The need to fit in and be part of a group is common particularly in the adolescent and young adult years. Peer pressure is that feeling that you have to do something to fit in, be accepted or be respected. It can be tough to deal with friends telling you what to do for example friends teasing around about you not taking shots at a party. Peer pressure can be useful sometimes but it’s essential to reflect on your own personal values. Handling peer pressure is usually not that challenging at times for example noticing that your drinking habit is more extreme than your friends’ and deciding to stop or reduce.
curbing peer pressure can be challenging, if you are only encircled by people whose values, preferences, and behaviors are similar to yours. In a college environment you will meet people with a wide variety of attitudes and behaviors and Sometimes it may feel easy to know where you stand and act consequently, other times an individual can feel confused, stressed and interested to act in opposition of their judgment.
For those that have experienced life in college know that it is a time when you are away from home with more freedom to make your own decisions, with the desire to do things your family doesn’t consider to be morally upright as a way of establishing your own identity at school and trying new things so that you appear to be cool around your friends. It is important to reflect on what you think is important, your values, and who you want to be, thinking ahead of probable penalties of certain doings. Going with the multitude and doing something you might not have considered before.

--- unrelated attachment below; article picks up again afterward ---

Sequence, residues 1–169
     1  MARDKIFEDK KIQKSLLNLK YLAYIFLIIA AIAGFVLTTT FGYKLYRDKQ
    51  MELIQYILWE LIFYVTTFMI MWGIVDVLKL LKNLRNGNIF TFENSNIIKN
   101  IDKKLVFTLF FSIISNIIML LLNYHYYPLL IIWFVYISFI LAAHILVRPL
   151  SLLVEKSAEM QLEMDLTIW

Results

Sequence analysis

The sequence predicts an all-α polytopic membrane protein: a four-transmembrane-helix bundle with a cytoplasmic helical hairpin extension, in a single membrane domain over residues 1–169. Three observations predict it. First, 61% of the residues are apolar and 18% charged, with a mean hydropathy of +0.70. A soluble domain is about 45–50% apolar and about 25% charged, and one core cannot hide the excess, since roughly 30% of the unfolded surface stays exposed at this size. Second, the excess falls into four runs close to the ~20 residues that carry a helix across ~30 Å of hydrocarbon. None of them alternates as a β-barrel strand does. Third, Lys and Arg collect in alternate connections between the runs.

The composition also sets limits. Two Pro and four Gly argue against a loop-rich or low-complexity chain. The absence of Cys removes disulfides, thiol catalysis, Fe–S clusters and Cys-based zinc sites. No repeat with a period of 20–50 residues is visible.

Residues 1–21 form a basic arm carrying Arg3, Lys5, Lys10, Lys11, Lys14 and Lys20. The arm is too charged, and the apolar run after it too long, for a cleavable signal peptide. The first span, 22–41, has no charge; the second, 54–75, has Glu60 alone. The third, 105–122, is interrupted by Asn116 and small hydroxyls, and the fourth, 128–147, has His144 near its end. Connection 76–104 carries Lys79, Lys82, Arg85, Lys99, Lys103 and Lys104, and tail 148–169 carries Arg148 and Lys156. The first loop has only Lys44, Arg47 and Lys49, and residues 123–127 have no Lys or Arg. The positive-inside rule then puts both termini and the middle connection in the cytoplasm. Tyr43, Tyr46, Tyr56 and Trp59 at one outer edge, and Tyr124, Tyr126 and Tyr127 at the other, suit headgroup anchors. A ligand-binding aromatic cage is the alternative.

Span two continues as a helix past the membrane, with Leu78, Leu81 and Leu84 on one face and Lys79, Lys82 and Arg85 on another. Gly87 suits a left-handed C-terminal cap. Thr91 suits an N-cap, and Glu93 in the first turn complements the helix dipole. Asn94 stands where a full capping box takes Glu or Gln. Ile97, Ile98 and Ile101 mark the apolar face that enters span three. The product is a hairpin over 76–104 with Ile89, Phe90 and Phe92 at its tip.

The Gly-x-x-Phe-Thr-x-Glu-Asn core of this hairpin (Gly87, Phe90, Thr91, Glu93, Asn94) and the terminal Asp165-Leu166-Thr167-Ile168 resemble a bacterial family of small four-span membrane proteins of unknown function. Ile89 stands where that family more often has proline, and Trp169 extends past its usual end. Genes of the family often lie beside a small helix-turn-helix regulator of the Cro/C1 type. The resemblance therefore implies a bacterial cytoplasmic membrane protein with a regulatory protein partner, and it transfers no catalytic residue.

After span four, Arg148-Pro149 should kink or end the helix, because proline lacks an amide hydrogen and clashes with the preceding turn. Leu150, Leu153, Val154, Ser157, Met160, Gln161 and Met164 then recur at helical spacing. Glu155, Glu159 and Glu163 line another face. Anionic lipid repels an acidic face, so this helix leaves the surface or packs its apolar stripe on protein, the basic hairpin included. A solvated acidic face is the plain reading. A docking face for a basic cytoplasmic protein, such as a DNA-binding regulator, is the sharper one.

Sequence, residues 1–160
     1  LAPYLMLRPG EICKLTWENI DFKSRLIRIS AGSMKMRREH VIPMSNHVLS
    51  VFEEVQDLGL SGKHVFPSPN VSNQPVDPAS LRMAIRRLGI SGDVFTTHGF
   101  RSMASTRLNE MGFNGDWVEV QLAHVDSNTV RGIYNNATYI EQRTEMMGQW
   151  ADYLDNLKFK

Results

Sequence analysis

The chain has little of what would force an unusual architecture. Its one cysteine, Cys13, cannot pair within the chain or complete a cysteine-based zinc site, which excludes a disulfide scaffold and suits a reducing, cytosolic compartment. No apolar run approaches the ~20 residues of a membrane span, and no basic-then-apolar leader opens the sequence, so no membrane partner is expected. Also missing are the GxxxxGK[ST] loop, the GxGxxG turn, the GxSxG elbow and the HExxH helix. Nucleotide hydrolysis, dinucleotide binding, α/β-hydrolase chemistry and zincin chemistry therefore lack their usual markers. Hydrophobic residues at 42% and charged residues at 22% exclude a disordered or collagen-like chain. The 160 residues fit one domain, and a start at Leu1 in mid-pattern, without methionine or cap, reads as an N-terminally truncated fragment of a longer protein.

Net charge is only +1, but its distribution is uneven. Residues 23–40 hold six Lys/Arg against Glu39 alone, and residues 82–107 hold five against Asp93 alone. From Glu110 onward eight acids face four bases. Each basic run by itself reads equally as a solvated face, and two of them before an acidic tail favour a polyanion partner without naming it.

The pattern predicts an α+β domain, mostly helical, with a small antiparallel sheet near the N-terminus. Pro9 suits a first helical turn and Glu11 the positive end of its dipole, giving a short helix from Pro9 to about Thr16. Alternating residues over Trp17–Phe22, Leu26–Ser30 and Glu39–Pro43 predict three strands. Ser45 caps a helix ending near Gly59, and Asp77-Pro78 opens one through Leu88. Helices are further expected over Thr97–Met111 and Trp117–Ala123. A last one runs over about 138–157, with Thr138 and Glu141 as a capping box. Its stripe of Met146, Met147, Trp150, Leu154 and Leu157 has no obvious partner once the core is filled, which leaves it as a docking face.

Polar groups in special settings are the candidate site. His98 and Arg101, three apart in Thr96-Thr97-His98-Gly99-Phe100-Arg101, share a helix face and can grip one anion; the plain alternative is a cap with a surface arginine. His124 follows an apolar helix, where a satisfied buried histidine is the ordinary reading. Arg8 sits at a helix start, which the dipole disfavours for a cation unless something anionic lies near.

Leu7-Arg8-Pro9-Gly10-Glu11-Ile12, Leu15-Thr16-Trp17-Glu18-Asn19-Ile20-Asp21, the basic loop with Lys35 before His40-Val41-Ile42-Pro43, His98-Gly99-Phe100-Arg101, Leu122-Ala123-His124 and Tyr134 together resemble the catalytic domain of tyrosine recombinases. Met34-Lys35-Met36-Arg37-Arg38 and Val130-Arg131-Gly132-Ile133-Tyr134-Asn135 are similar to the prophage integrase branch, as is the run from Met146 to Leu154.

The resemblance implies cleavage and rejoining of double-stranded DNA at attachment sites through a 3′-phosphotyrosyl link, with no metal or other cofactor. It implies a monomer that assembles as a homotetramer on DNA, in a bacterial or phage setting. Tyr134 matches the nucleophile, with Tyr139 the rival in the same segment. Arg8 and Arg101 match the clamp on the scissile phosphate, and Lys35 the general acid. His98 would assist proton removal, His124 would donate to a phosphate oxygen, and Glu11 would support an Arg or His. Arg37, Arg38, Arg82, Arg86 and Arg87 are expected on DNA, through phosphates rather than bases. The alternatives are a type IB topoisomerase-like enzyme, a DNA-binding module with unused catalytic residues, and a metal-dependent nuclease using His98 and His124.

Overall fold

Ask yourself these questions, could there be a negative outcome? Would I feel bad for acting against your values or judgment? Pressures around alcohol and other drug use are some of the things that most students miscalculate as to how many of their peer’s drink or use drugs. The truth is that many fewer college students drink or use drugs than people assume. It is similar with sex and hooking up most students have a twisted idea of what others are doing. Knowing the facts can help you to resist pressures on the idea that “everyone is doing it”, this can be hard to accept, but it helps to try. When faced with indirect pressure to do something you’re not sure about, try using the following strategies:
- Give yourself permission to avoid people or situations that don’t feel right and leave a situation that becomes uncomfortable.Work on setting boundaries. It is safe to do what is best for you.
- Spend time with people who respect your decisions and won’t put unfair pressure on you to conform
- Avoid a pressure-filled situation and people or situations that make you feel pressured
- Give yourself time to think about your decision instead of giving an immediate answer. let them know what your intentions are for example I don’t want to drink, so if you see me about to, remind me that I wanted to stay sober. When you can’t avoid or delay a pressure-filled situation, practice saying if it feels uncomfortable, practice using other kind responses. Remember that you cannot please everyone or be liked by Its proper to use an excuse if the truth is too challenging. For example, if someone offers you a drink and you want to say no but feel awkward, say you’re on medication or have to get up early the next day.
- Stand up for others when you see them being pressured. Stepping in to help out when you see someone in trouble can be an effective way to support others and send a message. If you don’t feel comfortable directly confronting the person doing the pressuring, try distracting them or inviting the person being pressured to do something else.